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I’ve written quite a bit, from time to time, on the value of doing more than simply lecturing to students. More than a few research projects have shown the value of group work, including problem-solving and discussions, for enhancing students’ learning and understanding in a subject. I was reminded again of this today.

Over the last few weeks I’ve been busy writing and delivering lectures in the area of molecular genetics, a subject that I’ve never taught before at this level. (I’m also reading Teaching what you don’t know by Therese Huston (2009), which has been both slightly alarming and pleasantly encouraging.) I always make sure there are plenty of opportunities for questions & discussion in my classes, but now I’m just about teetering on the edge of making at least some classes a combination of discussion & small-group work, no formal lecture at all. I’ve been thinking about this for a while & the class I had this morning simply reinforced my thoughts on the issue.

Yesterday’s lecture was about various molecular biology techniques used in biotechnology, & it elicited quite a lot of questions at the time. At the beginning of this morning’s tutorial class, one of the adult students commented that much of what had gone on had pretty much whizzed by above her head; could I give a simple summary, she asked. The rest all nodded; yes, please! After a minute’s thought I pulled together what I thought were the key ideas – and then the discussion really took off. What were gene libraries? How did you access them & ‘read’ their ‘volumes’ (usually bacterial cells engineered to contain another species’ DNA)? What about cloning – could we/should we clone humans? No? Then what about other mammals? Bacteria? Where do we draw the line, & why? What are some of the ecological & evolutionary implications of developing transgenic crops or farm animals? What are the ethics associated with all this – not just the biological & technical prox & cons, but the social and ethical issues? It was an incredibly wide-ranging & stimulating discussion and I think most of us were sorry when our time came to an end.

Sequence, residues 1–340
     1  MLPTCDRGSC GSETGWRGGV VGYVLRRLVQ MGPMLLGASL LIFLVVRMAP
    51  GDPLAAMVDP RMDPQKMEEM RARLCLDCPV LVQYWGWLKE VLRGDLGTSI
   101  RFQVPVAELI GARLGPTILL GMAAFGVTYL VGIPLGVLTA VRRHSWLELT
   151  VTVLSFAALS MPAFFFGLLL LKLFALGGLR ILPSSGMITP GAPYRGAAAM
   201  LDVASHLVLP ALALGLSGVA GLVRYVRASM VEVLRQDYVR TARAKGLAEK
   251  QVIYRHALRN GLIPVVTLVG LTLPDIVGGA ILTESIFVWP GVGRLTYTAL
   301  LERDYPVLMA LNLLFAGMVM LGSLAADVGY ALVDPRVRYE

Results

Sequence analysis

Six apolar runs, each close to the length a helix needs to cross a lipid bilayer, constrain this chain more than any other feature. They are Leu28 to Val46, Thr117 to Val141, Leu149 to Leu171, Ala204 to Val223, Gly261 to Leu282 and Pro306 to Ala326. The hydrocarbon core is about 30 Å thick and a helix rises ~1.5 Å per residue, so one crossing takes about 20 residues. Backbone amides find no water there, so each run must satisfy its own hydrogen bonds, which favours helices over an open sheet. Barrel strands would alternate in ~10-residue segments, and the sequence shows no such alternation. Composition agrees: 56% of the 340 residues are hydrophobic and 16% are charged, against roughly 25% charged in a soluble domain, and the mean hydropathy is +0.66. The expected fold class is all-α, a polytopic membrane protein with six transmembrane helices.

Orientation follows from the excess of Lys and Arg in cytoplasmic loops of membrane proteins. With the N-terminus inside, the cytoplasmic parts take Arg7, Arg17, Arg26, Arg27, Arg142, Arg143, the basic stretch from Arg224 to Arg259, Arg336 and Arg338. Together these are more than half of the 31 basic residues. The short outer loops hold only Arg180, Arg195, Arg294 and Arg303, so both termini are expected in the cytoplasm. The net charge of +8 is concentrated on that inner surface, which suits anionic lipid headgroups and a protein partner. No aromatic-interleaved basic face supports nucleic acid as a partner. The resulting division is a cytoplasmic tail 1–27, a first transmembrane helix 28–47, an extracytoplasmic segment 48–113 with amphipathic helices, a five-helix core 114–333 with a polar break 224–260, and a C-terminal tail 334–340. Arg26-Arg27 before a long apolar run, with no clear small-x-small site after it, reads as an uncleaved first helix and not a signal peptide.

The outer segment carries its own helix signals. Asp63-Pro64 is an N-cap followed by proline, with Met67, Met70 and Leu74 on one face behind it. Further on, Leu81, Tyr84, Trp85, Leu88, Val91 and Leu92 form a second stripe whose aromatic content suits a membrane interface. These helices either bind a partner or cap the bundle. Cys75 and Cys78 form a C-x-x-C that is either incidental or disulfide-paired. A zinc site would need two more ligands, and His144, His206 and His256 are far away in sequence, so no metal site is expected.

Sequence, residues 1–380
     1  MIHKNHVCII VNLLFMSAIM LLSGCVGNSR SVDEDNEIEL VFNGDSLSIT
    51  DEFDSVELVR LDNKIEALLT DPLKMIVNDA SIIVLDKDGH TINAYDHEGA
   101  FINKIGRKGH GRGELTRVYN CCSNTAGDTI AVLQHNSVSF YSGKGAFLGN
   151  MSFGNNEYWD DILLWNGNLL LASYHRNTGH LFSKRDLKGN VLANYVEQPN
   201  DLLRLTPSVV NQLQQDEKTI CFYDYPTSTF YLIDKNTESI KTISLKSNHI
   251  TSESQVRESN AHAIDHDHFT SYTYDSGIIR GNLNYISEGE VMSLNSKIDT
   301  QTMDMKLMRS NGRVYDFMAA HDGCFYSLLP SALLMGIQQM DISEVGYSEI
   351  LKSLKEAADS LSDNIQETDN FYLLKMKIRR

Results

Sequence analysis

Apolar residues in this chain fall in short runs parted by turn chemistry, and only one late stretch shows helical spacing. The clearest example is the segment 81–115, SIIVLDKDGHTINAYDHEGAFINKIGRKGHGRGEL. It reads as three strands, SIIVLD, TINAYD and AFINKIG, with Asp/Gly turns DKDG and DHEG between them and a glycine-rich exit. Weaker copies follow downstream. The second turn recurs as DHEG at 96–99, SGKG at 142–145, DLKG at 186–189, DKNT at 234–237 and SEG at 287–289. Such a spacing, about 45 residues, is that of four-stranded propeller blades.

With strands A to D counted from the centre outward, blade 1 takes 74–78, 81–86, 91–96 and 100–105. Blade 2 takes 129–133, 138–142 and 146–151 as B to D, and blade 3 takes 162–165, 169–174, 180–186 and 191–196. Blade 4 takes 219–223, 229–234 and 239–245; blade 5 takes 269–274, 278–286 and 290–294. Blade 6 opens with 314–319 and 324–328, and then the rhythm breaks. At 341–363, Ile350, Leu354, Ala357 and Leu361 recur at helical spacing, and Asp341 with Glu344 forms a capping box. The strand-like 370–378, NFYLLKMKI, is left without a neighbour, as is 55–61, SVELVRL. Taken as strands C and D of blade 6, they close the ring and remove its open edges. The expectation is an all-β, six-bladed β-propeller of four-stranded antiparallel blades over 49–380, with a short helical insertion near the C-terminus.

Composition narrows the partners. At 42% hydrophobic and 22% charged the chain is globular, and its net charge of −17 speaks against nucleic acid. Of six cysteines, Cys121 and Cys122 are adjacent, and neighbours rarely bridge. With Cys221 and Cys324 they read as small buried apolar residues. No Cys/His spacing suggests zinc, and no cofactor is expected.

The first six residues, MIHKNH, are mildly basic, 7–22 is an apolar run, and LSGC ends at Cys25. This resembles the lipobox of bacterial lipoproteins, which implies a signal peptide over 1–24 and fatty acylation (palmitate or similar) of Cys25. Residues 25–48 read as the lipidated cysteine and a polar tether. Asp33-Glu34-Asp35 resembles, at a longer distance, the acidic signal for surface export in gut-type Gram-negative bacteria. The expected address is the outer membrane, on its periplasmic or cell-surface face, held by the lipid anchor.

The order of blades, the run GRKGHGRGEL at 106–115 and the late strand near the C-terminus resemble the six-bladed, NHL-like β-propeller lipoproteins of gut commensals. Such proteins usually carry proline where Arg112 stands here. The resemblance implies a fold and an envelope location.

As we left the room, one of the students said, “do you know, I have learned so much today! That discussion helped me make sense of yesterday’s information & I think I’ve got a much better understanding & appreciation of the issues involved.” So, next time I teach this – or another topic with such potential for getting everyone involved in discussion, or a topic that I know will be challenging and where working on problems in groups will be helpful – well, I think I may just throw tradition to the winds :-)